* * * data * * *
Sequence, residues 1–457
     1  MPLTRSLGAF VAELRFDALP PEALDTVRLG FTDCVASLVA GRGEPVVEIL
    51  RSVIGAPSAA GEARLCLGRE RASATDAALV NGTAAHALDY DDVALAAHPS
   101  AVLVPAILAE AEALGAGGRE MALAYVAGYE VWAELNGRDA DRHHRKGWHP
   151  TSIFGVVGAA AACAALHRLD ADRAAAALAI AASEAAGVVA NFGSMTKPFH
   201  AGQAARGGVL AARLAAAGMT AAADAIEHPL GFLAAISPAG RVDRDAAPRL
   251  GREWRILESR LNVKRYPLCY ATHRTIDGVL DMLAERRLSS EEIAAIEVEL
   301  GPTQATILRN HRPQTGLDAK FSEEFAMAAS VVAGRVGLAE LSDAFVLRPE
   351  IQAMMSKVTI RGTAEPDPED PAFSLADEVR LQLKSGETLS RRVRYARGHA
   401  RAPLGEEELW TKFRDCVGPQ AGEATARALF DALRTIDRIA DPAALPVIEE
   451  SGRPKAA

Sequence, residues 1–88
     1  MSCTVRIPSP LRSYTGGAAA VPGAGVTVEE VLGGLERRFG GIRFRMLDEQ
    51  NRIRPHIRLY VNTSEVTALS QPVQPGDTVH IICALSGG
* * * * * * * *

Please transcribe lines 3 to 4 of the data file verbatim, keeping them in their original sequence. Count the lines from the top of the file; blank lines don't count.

    51  RSVIGAPSAA GEARLCLGRE RASATDAALV NGTAAHALDY DDVALAAHPS
   101  AVLVPAILAE AEALGAGGRE MALAYVAGYE VWAELNGRDA DRHHRKGWHP